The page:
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Left: Wikimedia Commons. Right: Hahnemann Hospital.

Hahnemann Hospital: That fidget spinner penis incident didn’t happen here

It’s a hoax.

fidget
Left: Wikimedia Commons. Right: Hahnemann Hospital.
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Sorry, Internet: No one got a fidget spinner stuck on their penis. At least not at Hahnemann Hospital. And the confusion is apparently all thanks to an unfortunately placed geotag.

The Center City hospital today debunked a once-viral, now-deleted tweet that indicated a 9-year-old was treated for a “fidget spinner stuck on penis.” The tweet, sent by @BabyRu_Bombata_ yesterday afternoon, showed a purported screenshot of an internal hospital system and geo-tagged Hahnemann University Hospital in the tweet. But a spokesman for Hahnemann says no such incident happened to any of their patients, and the original tweet that got more than 70,000 retweets has since been deleted.

Here’s the image posted by @BabyRu_Bombata_, whose name on Twitter is “Toni Childs.” The text of her tweet was “Never a dull day shadowing in the ER.”

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Hahnemann Hospital spokesman Phil Ellingsworth Jr. said he became aware of the tweet last night, started poking around on the Internet and discovered that the image used in the original tweet had been circulating on Facebook, 4Chan and Reddit.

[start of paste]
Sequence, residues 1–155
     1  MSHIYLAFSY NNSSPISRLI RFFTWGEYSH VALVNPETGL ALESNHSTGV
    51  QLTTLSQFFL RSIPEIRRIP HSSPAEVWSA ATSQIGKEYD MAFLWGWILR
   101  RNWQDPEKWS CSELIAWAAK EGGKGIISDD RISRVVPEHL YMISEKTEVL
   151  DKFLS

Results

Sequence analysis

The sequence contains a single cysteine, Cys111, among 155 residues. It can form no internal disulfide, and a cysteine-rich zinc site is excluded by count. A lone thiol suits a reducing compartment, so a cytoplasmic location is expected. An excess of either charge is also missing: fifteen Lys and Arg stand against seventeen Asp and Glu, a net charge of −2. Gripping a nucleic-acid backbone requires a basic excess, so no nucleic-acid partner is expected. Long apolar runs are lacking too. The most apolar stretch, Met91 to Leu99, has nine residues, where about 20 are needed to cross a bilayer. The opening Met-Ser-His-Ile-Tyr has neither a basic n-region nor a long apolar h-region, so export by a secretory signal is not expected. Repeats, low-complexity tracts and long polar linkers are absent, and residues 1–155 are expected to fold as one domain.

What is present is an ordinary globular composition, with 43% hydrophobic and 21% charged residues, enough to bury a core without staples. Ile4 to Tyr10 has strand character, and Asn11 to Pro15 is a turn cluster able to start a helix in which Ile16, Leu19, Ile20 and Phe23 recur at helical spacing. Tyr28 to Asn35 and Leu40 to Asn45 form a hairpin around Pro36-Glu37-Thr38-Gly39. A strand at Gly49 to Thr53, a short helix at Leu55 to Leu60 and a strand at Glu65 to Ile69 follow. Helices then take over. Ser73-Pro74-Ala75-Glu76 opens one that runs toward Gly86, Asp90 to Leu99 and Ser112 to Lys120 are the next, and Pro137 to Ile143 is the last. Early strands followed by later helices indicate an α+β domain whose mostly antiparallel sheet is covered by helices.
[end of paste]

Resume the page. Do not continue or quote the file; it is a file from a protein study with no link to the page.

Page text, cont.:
Ellingsworth said the hospital is confident no such incident happened there — they don’t use the electronic health record system the screenshot supposedly shows — and he said they don’t believe it was sent by a current Hahnemann employee or contractor.

 

In a phone interview with Billy Penn, the woman who tweeted the image — who declined to be identified — said she first saw the fidget spinner screenshot when a friend texted it to her, saying it happened to him while he was shadowing at a hospital. She claims she then tweeted the image while standing near Hahnemann Hospital when the geotag kicked in, because she “happened to be in the area.”

She muted her phone before going to bed last night, and she said she woke up this morning to thousands of retweets and favorites, prompting her to find out for herself that the screenshot her friend sent her had been on the Internet for more than a week. The woman, who lives in Philadelphia, said once people started bringing up medical privacy in her mentions, she deleted the tweet.

“My mentions were going crazy,” she said. “People kept following me, and I was like ‘wow, I don’t need this kind of attention.’ So I just deleted it to get rid of it.”

Ellingsworth said the hospital is “disappointed” that 70,000 people on the Internet thought a kid got a fidget spinner stuck on his penis and came to their hospital.

“Patient privacy is a paramount concern to us,” he said, “so we are extremely disappointed this person tweeted this image and tagged themselves at Hahnemann.”